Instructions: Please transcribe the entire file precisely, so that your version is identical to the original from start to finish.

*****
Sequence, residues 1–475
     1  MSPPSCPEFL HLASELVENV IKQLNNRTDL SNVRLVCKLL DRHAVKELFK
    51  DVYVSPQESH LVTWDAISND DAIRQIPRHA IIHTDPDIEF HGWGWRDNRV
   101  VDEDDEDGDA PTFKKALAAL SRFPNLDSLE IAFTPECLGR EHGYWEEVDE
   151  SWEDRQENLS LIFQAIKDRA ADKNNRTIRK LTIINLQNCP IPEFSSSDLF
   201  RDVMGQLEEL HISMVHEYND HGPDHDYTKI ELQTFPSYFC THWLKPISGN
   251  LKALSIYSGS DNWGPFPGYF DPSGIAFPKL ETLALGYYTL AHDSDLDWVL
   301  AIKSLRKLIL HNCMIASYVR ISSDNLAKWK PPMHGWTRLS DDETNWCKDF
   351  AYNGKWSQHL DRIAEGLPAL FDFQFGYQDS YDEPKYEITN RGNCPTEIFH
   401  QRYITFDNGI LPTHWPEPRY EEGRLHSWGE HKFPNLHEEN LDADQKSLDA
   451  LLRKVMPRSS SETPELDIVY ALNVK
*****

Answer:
Sequence, residues 1–475
     1  MSPPSCPEFL HLASELVENV IKQLNNRTDL SNVRLVCKLL DRHAVKELFK
    51  DVYVSPQESH LVTWDAISND DAIRQIPRHA IIHTDPDIEF HGWGWRDNRV
   101  VDEDDEDGDA PTFKKALAAL SRFPNLDSLE IAFTPECLGR EHGYWEEVDE
   151  SWEDRQENLS LIFQAIKDRA ADKNNRTIRK LTIINLQNCP IPEFSSSDLF
   201  RDVMGQLEEL HISMVHEYND HGPDHDYTKI ELQTFPSYFC THWLKPISGN
   251  LKALSIYSGS DNWGPFPGYF DPSGIAFPKL ETLALGYYTL AHDSDLDWVL
   301  AIKSLRKLIL HNCMIASYVR ISSDNLAKWK PPMHGWTRLS DDETNWCKDF
   351  AYNGKWSQHL DRIAEGLPAL FDFQFGYQDS YDEPKYEITN RGNCPTEIFH
   401  QRYITFDNGI LPTHWPEPRY EEGRLHSWGE HKFPNLHEEN LDADQKSLDA
   451  LLRKVMPRSS SETPELDIVY ALNVK